|Canon G7 X Mark II« »||1-inch||20.0||5472||3648||1080/60p||-||-||-||-|
|Canon M3« »||APS-C||24.0||6000||4000||1080/30p||22.8||11.8||1169||72|
|Canon G5 X« »||1-inch||20.0||5472||3648||1080/60p||-||-||-||-|
|Canon G7 X« »||1-inch||20.0||5472||3648||1080/60p||23.0||12.7||556||71|
|Fujifilm X-T100« »||APS-C||24.0||6000||4000||4K/15p||-||-||-||-|
|Fujifilm X100« »||APS-C||12.2||4288||2848||720/30p||22.9||12.4||1001||73|
|Panasonic TZ200« »||1-inch||20.0||5472||3648||4K/30p||-||-||-||-|
|Panasonic TZ90« »||1/2.3||20.2||5184||3888||4K/30p||19.1||10.6||106||36|
|Panasonic FZ2500« »||1-inch||20.0||5472||3648||4K/30p||-||-||-||-|
|Panasonic TZ100« »||1-inch||20.0||5472||3648||4K/30p||22.8||12.5||559||70|
|Panasonic LX7« »||1/1.7||10.0||3648||2736||1080/60p||20.7||11.7||147||50|
|Sony RX100 VI« »||1-inch||20.0||5472||3648||4K/30p||-||-||-||-|
|Sony RX100 IV« »||1-inch||20.0||5472||3648||4K/30p||22.8||12.6||591||70|
|Sony RX100 III« »||1-inch||20.0||5472||3648||1080/60p||22.4||12.3||495||67|
Many modern cameras are not only capable of taking still images, but also of capturing video footage. Both cameras under consideration have a sensor with sufficiently fast read-out times for moving pictures, but the LX15 provides a higher video resolution than the X100F. It can shoot video footage at 4K/30p, while the Fujifilm is limited to 1080/60p.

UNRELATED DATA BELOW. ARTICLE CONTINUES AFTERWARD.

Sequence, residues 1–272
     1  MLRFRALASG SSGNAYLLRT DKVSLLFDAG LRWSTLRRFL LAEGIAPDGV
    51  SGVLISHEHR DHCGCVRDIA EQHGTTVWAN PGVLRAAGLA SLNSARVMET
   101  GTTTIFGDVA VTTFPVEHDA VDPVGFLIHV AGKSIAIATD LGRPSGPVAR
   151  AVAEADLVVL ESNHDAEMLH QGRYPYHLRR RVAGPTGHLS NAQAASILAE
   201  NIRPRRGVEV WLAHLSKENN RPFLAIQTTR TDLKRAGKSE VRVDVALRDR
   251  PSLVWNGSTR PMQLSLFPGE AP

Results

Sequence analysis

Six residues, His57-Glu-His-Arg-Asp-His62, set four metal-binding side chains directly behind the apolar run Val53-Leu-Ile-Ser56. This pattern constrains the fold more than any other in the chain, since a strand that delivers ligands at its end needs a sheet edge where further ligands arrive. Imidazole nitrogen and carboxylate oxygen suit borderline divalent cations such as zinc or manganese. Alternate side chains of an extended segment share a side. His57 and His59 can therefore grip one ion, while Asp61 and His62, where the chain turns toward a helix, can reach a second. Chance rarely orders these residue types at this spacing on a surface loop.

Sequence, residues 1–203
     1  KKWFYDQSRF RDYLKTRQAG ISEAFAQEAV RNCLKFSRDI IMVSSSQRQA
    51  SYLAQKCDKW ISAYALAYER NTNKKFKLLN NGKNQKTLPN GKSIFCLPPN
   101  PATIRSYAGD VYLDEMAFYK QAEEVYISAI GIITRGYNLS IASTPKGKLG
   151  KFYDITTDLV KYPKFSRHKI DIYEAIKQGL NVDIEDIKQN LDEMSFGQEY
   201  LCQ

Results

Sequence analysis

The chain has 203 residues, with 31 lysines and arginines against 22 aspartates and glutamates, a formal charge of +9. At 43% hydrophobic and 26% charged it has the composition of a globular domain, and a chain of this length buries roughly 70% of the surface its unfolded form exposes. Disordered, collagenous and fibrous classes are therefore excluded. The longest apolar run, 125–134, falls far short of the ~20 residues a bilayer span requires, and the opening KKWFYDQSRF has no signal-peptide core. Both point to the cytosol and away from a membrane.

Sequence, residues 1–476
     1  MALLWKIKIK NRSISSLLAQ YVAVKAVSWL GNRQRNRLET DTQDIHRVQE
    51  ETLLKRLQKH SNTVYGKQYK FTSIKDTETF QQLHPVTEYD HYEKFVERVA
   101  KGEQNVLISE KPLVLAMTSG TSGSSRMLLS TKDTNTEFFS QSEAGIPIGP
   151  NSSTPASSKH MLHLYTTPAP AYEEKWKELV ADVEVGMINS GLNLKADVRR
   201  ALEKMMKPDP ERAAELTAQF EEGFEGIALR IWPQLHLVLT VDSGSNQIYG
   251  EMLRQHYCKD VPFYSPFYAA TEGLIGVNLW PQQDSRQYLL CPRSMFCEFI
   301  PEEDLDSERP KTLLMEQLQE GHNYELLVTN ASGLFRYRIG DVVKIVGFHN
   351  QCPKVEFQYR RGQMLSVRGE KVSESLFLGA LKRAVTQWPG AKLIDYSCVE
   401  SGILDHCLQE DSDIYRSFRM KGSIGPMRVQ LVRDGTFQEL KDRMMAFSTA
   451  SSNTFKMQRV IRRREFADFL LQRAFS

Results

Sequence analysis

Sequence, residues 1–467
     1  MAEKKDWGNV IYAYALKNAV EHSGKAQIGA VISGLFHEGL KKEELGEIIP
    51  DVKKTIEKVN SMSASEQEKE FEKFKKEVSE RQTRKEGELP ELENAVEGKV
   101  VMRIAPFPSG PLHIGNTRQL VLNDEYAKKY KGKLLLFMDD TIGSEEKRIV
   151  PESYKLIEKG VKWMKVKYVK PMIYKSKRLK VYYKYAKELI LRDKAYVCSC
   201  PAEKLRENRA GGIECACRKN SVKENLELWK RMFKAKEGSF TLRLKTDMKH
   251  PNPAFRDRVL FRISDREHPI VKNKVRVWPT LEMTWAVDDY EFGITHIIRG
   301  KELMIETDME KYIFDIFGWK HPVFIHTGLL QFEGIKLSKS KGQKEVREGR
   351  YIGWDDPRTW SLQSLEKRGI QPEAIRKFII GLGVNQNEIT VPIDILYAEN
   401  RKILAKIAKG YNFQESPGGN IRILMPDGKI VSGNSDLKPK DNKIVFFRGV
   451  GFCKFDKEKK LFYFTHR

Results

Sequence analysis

Feature comparison: Panasonic LX15 vs Fujifilm X100F
Beyond body and sensor, cameras can and do differ across a range of features. For example, the X100F has an electronic viewfinder (2360k dots), which can be very helpful when shooting in bright sunlight. In contrast, the LX15 relies on live view and the rear LCD for framing. The table below summarizes some of the other core capabilities of the Panasonic LX15 and Fujifilm X100F in connection with corresponding information for a sample of similar cameras. The full specs-sheets can be found in the camera manual or, for example, in the dpreview camera hub.
|Canon G1 X Mark III« »||2360||n||3.0||1040||swivel||Y||2000||9.0||Y||Y|
|Canon G7 X Mark II« »||-||n||3.0||1040||tilting||Y||2000||8.0||Y||Y|